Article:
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Oh absinthe, the headaches you create.

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Phone box and Metro station, Budapest

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I love the separate traffic lights for bikers

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(e:lizabeth) with cotton candy the size of her head

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Szechenyi Thermal Baths at the city park, Budapest

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I have no idea what this building is, I just thought it looked cool

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view of the Danube from the Citadella

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Whats left of my gulyas leves. I was told by the guy who served this to us that Hungarians take a shot of Palinka( which is a fruit brandy) after they eat gulyas leves.

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Chain Bridge at night, Budapest

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mmmm meggy minifank!! Which is mini doughnuts with sour cherry sauce.

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The streets of Tokaj in Northeastern Hungary. Home of the world famous dessert wine Tokaji. And to think I used to hate dessert wine.

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Rakoczi Pince, Tokaj. This is the largest and most famous wine cellar in Tokaj. They store and age wines from the Hetszolo Vineyards.

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The tasting room at Rakoczi Pince, Tokaj. This is where we sampled some really awesome wines.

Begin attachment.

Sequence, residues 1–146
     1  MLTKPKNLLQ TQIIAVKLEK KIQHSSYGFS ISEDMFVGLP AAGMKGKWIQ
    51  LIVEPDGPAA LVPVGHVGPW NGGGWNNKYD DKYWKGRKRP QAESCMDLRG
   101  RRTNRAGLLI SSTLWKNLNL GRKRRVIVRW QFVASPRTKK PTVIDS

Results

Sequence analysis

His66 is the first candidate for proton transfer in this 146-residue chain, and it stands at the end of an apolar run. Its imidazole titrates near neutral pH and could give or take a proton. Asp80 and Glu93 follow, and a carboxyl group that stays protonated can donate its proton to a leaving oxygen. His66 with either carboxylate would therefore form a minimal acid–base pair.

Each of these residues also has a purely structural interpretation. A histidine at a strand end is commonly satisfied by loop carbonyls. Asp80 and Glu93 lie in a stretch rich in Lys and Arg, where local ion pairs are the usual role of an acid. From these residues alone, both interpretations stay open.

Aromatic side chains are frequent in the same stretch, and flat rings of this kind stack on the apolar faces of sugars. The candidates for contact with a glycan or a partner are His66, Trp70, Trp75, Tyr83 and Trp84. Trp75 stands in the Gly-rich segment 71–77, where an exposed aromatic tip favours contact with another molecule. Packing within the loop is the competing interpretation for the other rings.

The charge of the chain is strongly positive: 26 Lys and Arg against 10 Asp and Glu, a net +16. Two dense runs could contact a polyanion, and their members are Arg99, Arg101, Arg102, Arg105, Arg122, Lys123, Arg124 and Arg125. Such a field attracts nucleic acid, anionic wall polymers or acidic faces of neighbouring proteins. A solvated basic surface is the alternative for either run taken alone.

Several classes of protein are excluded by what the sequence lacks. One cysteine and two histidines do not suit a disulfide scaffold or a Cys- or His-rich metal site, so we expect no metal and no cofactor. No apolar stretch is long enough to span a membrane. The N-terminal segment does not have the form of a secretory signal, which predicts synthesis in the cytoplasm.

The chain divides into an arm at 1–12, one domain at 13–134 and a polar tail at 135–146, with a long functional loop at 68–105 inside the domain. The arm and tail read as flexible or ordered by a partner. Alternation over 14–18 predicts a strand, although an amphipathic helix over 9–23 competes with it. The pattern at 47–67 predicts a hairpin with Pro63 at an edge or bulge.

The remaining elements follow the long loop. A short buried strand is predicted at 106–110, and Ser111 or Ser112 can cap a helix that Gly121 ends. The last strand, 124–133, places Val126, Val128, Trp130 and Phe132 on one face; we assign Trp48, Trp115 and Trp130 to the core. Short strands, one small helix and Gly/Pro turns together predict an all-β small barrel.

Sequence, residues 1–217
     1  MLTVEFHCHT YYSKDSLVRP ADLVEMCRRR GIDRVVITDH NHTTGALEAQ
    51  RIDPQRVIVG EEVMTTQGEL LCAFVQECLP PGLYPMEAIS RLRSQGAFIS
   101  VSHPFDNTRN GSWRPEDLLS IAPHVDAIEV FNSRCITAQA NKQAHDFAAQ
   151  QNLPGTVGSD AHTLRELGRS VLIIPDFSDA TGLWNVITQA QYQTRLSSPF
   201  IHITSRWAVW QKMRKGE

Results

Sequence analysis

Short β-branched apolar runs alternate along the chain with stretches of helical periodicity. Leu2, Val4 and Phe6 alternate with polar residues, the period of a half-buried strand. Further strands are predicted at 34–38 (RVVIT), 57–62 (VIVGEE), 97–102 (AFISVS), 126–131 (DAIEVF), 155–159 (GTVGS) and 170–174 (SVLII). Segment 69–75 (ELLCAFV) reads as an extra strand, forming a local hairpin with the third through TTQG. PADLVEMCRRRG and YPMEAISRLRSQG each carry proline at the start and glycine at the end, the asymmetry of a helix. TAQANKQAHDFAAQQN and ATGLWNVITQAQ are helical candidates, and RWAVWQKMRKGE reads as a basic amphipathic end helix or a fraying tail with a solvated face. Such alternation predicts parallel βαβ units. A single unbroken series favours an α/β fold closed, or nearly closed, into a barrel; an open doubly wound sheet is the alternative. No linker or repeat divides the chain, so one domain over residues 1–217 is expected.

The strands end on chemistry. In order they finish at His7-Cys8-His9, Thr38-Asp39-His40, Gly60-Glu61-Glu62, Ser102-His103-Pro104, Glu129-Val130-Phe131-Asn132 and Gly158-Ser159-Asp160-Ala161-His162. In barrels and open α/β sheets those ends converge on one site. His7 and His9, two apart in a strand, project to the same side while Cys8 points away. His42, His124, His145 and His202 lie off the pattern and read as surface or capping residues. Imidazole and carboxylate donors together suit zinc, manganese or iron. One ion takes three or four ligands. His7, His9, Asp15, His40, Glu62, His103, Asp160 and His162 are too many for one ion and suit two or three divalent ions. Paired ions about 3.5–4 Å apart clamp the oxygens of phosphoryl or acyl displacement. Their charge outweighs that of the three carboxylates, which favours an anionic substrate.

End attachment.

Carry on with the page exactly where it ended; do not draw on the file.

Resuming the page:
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Gyomolcsleves, don't ask me to pronounce this, Hungarians couldn't understand me when I tried. It's a cold fruit soup that is served in the summer. It varied everywhere we tried it. Its basically a creamy soup made with sour cream and pretty much any kind of fruit can be added. Towards the end of summer when sour cherries are in season they are used more often than the pears we encountered frequently. This one also had whipped cream, black currents and blueberries. One place we had an awesome one(I don't have a pic), but is was a lime and peach cream soup with mint sorbet, absolutely delicious.

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Train ride to Zagreb, to meet with (e:ladycroft)


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Permalink: Trip_Pictures_Part_one_.html
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Location: Buffalo, NY


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paul said to mike
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i'm glad you documented this. I was actually looking for a picture but came across this and am glad ...

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i'm glad you documented this. I was actually looking for a picture but came across this and am glad ...

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i'm glad you documented this. I was actually looking for a picture but came across this and am glad ...